The catch-like property of muscle was evaluated using the overall %DDiff error (mean of the normalized initial and mid-doublet differences). All three models had difficulty predicting muscle forces resulting from doublet stimulations located either at the start or within a train of stimuli, particularly at frequencies resulting in partial or full force fusion (e.g., 10 and 20 Hz; Fig. 8*D*). The linear model produced mean %DDiff errors that far exceeded the nonlinear models' errors (Table 3, Fig. 8*D*). This difference between the nonlinear and linear models was driven predominantly by the large linear model error at 20 Hz, where the linear model was incapable of scaling down the additional doublet force, as occurred experimentally (see Fig. 4). This is supported by the significant model × frequency interaction [*F*(4,12) = 40.78, adjusted *P* value = 0.0044]. This was the only specific force property that the second-order nonlinear model provided significantly better predictions than the Hill-Huxley-type nonlinear model (Fig. 8*D*, Table 3), but the mean difference (∼2%) was small relative to the observed mean errors (23 and 25% for the second-order nonlinear and Hill-Huxley-type nonlinear models, respectively).

## DISCUSSION

The primary finding of this study was that chronically paralyzed muscle force-time profiles were most accurately predicted by the nonlinear models [Hill-Huxley-type nonlinear model (18) followed closely by the second-order nonlinear model (5)], supporting our initial hypothesis. However, significant two- and three-way interactions indicate differential errors with stimulation frequency and pattern. The nonlinear models predicted most of the specific force properties (PF, FTI, RT_{1/2}, and catch-like property of muscle) better than the linear model, although TPT and RFI were equally well represented by the linear model. Interestingly, the more complex Hill-Huxley-type nonlinear model predicted only two specific force properties, the TPT and RT_{1/2}, better than the less-complex second-order nonlinear model, contrary to the hypothesis that a Hill-based model might better represent physiological force properties.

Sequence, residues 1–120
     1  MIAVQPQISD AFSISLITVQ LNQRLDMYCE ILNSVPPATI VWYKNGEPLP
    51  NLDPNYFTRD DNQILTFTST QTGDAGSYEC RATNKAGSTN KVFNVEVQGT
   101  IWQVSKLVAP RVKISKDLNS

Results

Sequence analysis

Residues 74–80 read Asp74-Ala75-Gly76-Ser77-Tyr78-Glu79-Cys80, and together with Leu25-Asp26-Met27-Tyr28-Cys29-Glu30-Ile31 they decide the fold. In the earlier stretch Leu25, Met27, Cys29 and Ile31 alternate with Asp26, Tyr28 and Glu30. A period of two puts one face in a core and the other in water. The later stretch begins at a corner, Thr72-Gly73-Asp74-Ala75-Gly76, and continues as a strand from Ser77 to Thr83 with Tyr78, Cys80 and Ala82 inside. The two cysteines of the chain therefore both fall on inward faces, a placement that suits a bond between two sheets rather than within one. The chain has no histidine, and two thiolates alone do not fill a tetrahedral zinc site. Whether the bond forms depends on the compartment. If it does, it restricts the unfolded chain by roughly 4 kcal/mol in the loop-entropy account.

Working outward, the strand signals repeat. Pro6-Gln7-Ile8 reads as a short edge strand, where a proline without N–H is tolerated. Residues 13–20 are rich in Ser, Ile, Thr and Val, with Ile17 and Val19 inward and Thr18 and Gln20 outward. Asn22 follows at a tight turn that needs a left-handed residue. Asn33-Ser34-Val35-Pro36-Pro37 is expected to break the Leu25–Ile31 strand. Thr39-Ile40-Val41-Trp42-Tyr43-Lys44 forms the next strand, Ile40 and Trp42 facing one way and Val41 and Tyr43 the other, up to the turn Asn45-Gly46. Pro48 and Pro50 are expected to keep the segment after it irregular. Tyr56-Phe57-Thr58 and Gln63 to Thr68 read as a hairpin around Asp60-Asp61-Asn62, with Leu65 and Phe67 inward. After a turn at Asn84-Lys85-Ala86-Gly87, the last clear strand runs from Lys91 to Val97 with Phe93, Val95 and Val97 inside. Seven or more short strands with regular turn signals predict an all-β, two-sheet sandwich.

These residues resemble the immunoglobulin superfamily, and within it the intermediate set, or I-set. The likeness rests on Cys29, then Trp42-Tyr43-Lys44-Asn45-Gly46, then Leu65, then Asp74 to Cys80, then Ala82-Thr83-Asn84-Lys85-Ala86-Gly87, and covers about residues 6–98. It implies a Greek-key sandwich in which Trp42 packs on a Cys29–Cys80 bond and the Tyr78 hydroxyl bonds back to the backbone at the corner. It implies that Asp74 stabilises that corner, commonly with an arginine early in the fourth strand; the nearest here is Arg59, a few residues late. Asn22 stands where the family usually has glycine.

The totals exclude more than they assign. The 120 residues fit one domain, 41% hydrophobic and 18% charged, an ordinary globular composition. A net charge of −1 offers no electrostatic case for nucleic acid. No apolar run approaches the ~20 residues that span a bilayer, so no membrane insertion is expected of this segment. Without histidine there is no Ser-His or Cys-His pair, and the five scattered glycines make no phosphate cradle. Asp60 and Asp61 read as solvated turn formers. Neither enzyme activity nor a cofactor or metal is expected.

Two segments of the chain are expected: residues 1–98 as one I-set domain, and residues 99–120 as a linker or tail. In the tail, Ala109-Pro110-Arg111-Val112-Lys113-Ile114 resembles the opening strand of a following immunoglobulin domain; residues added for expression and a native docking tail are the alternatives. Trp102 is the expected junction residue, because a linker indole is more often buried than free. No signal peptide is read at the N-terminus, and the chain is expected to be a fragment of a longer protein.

#### Specific force property predictions.

Each model had its individual predictive strengths and weaknesses. The similar PF and FTI errors across all models at the lower frequencies suggest that a linear approximation of muscle force magnitude may be reasonable for unfused force trains. Beyond the fusion frequency, the linear model would likely have increasing difficulty adjusting for the nonlinear force saturation. However, for those with chronic paralysis, higher frequencies may be associated with an increased risk of fracture (32), making lower frequency stimulation a more desirable activation strategy.

The frequencies chosen in this study spanned a range of the force frequency curve for human chronically paralyzed soleus muscle (43), with mean experimental RFIs of 8.4, 82.1, and 98.0% (where 100% indicates no discernable drop in force between pulses). Although fusion is a nonlinear relationship, the linear and nonlinear models were equally able to predict RFI for frequencies below full fusion.